At noon, darkness covers the land which is symbol of God’s judgment. We have seen that idea in the prophets repeatedly. For three hours in the middle of the day there is complete darkness. Eclipses do not last three hours, as we know recently when we had an eclipse last year. An eclipse lasts minutes. This is the supernatural judgment of God being displayed on Israel. Then Jesus cries out, “My God, my God, why have you forsaken me?” These are the only words that Mark records of Jesus speaking from the cross, indicating their great significance. Why does Mark want us to key into these words?

Should we take these words at face value and declare that the Father abandoned the Son at this moment on the cross and Jesus feels that, crying out his Father who is now not listening? We need a compelling reason to not read the text this way since this is what the text sounds like. But I believe a closer examination of the scriptures will show us that we need to look at the text differently. First, Jesus said that the Father would not forsake him.

Behold, the hour is coming, indeed it has come, when you will be scattered, each to his own home, and will leave me alone. Yet I am not alone, for the Father is with me. (John 16:32 ESV)

So Jesus says that the disciples would abandon him but that his Father would not. Further, Isaiah’s prophecy did not declare that God would forsake the suffering servant but that this is how the people would see him.

He was despised and rejected by men, a man of sorrows, and acquainted with grief; and as one from whom men hide their faces he was despised, and we esteemed him not. Surely he has borne our griefs and carried our sorrows; yet we esteemed him stricken, smitten by God, and afflicted. (Isaiah 53:3–4 ESV)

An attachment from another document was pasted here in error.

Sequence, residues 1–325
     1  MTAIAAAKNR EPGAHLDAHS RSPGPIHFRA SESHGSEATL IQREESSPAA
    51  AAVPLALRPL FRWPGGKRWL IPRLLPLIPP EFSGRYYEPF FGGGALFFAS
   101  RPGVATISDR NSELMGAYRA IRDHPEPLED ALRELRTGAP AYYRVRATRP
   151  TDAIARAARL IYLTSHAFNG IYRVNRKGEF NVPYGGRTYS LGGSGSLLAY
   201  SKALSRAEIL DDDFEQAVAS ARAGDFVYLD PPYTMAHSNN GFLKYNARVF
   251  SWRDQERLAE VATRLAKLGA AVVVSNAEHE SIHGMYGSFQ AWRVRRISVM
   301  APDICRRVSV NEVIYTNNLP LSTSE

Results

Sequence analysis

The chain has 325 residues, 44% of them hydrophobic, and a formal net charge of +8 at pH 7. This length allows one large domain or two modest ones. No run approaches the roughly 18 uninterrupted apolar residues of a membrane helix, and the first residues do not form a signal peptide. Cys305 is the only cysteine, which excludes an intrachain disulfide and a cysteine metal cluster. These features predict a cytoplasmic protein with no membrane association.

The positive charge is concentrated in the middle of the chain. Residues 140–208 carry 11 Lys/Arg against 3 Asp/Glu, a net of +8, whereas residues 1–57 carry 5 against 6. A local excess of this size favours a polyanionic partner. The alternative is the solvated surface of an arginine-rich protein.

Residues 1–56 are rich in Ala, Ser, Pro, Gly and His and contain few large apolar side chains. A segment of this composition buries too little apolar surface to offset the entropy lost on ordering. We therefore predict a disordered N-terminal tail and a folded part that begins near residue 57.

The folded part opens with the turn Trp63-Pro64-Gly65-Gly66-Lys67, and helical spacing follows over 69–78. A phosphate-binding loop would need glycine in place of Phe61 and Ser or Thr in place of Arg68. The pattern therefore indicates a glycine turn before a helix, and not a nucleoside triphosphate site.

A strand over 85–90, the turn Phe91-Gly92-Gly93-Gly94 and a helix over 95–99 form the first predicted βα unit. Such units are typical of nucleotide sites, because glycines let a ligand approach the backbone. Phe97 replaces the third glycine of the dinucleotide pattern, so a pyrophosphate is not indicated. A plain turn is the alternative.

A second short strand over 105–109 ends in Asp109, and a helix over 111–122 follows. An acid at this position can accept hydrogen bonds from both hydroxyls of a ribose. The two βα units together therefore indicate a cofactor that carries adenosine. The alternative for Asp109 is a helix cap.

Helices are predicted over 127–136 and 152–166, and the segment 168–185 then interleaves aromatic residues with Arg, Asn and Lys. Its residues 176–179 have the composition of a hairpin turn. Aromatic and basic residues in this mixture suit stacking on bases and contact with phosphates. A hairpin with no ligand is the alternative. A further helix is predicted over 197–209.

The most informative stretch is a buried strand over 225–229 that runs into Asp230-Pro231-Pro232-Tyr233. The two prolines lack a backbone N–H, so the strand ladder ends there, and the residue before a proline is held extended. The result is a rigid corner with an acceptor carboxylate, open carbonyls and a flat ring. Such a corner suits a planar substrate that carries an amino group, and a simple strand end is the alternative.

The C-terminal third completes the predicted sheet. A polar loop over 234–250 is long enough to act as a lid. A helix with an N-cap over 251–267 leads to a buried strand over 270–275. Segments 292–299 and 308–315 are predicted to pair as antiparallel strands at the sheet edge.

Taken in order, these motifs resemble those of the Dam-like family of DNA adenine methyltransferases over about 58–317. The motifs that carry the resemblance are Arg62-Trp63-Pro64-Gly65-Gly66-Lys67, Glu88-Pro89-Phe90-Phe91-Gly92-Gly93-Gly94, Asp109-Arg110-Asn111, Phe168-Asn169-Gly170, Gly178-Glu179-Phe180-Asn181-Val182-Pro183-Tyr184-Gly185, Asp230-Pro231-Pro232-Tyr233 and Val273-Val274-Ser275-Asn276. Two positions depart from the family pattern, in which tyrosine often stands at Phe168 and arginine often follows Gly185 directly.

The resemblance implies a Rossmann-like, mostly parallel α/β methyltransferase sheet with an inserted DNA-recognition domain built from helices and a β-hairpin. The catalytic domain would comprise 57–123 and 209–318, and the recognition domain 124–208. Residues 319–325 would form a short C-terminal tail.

We considered Jesus afflicted, smitten, and struck down by God. Not only this, the gospel tells us that it is the ninth hour which was the hour of prayer. These words were penned by David in a psalm about the prayer of a righteous sufferer. The first sentence of Psalm 22 is, “My God, my God, why have you forsaken me?” This psalm is perfect to proclaim to those who are passing by, mocking, and watching him because Psalm 22 predicted everything that these people were doing.

But I am a worm and not a man, scorned by mankind and despised by the people. All who see me mock me; they make mouths at me; they wag their heads; “He trusts in the LORD; let him deliver him; let him rescue him, for he delights in him!” (Psalm 22:6–8 ESV)

I am poured out like water, and all my bones are out of joint; my heart is like wax; it is melted within my breast; my strength is dried up like a potsherd, and my tongue sticks to my jaws; you lay me in the dust of death. For dogs encompass me; a company of evildoers encircles me; they have pierced my hands and feet— I can count all my bones— they stare and gloat over me; they divide my garments among them, and for my clothing they cast lots. (Psalm 22:14–18 ESV)

They are doing everything in this psalm. Jesus is quoting the psalm to have them realize that this is all happening according to the will and foreknowledge of the Father. The psalmist shows that the enemies are bringing about his death and this is the prayer of the righteous sufferer. Listen to what the psalmist says next.

But you, O LORD, do not be far off! O you my help, come quickly to my aid! Deliver my soul from the sword, my precious life from the power of the dog! Save me from the mouth of the lion! (Psalm 22:19–21 ESV)

After asking why he is forsaken, David is noting that the Lord is listening and will come to his aid. He is praying for salvation and vindication. But then God does answer him and vindicate him in the rest of the psalm.